Louisa, KY -- A bad headache. Difficulty focusing. Confusion or fumbling to find words. It’s tempting to explain away troubling symptoms and chalk them up to fatigue, eye trouble, one too many cups of coffee. But these symptoms – particularly if they’re severe – may signal a stroke.
Stroke is the third leading cause of death, behind cancer and heart disease. A disease that affects the blood supply to the brain, stroke occurs when a blood vessel or artery is blocked by a blood clot or bursts. When this happens, the area of the brain that is supplied with oxygen and nutrients by this blood vessel is damaged. As a result, the body part or function controlled by this part of the brain doesn’t operate the right way.
Another frightening statistic: according to the National Stroke Association, people who have a stroke are four times as likely to have another stroke during their lifetime. Recurrent strokes carry an even higher risk of death and disability because the brain has previously been injured by the original stroke.
A stroke can change a person’s life forever. It can leave the victim with moderate to severe physical, mental or psychological disabilities. Depending on the area of the brain affected, a stroke victim may lose their memory, speech, balance, certain fine motor skills, control over certain muscles or movement of entire limbs – even paralysis of one side of the body. A person’s personality or behavior can be forever changed by a stroke. They may have difficulty reading, processing information or even eating.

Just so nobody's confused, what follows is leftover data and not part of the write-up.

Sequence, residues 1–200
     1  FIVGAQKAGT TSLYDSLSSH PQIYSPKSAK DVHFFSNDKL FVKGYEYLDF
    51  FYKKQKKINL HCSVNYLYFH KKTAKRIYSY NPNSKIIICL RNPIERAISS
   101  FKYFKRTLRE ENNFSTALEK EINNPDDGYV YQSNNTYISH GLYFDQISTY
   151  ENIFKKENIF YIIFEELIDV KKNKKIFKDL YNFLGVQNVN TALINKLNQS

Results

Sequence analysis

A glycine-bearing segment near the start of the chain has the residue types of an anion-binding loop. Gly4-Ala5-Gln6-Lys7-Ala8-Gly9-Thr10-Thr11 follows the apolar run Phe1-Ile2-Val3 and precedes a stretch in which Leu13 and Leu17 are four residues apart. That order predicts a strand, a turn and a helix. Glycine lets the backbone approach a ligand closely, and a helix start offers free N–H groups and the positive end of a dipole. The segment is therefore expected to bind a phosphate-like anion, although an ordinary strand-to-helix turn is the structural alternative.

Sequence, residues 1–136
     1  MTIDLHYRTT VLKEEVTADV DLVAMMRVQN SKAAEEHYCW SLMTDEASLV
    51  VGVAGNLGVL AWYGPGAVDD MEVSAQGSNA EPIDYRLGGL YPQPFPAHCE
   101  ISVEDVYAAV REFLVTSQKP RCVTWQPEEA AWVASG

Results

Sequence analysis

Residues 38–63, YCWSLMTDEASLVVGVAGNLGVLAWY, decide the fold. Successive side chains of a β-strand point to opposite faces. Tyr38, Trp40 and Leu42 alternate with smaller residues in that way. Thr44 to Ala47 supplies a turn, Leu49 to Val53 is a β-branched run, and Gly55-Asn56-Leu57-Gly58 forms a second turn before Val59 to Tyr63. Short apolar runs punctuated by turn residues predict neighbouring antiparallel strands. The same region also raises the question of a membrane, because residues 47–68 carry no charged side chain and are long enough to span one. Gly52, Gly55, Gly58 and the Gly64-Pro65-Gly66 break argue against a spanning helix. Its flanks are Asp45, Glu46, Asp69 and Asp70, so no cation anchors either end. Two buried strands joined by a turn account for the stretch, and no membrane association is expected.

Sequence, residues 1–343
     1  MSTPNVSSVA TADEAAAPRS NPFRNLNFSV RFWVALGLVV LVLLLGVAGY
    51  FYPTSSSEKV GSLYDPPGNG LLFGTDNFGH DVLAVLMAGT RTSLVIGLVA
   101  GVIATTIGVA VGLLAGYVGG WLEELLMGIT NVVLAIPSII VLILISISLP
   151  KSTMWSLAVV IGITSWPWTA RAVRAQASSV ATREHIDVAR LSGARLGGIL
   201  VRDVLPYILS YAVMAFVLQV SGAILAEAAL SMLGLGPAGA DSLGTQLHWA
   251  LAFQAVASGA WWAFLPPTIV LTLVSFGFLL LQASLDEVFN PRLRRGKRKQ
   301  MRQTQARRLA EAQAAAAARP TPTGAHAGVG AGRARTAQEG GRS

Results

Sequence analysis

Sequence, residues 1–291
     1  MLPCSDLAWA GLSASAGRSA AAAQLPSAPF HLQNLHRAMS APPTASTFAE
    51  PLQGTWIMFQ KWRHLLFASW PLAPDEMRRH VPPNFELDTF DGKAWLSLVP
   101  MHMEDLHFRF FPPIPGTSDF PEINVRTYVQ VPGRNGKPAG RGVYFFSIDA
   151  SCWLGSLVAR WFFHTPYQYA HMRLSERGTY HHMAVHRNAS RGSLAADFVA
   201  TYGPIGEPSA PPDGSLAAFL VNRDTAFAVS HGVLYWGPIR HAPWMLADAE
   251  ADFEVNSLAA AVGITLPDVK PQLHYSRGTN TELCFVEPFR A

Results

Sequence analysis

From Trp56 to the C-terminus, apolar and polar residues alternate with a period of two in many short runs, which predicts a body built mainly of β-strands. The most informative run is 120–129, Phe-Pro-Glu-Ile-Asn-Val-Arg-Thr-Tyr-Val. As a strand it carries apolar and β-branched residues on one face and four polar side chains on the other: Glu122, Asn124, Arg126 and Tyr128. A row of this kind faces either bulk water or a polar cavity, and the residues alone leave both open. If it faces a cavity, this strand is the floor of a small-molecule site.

About 87 percent of all strokes are ischemic strokes, where a blockage of a blood vessel that supplies blood to the brain occurs. The clot can form in the brain area, or in a blood vessel elsewhere in the body – the heart, chest area or neck – where it can break loose and travel to the brain. The remaining 13 percent are called hemorrhagic strokes – strokes caused by a weakened blood vessel that breaks and bleeds into the surrounding brain tissue. A brain aneurysm refers to the bulging of the weakened blood vessel, which continues to weaken and, if not treated, breaks and bleeds into the brain.
If you suspect that someone is having a stroke, act quickly. A stroke is an emergency – and mere seconds can make an enormous difference in the outcome for a stroke survivor. Call 9-1-1 and try to recall the time that symptoms first appeared. If a stroke victim receives immediate medical assistance, a clot-busting drug can be administered by medical personnel within three hours of first symptoms which may reduce the likelihood of long-term disability resulting from a stroke. The quicker that medical care is received, the greater a stroke victim’s chances are of not only surviving a stroke, but minimizing its effects.
Learn to recognize stroke signs, and be prepared – to save a friend or loved one’s life, or your own.
available that may help reduce the long-term effects of stroke.
Three Rivers Medical Center has been awarded Joint Commission Top Performer distinction three years in a row. The Emergency Department is an Accredited Chest Pain Center. TRMC is a 90-bed, acute care facility. It is accredited by The Joint Commission. With over 80 medical staff members, TRMC offers cardiology, general surgery, nephrology, orthopedics, urology, gynecology, ophthalmology, otolaryngology, gastroenterology, podiatry, 24-hour emergency care, diagnostic radiation, rehabilitative services and mental health.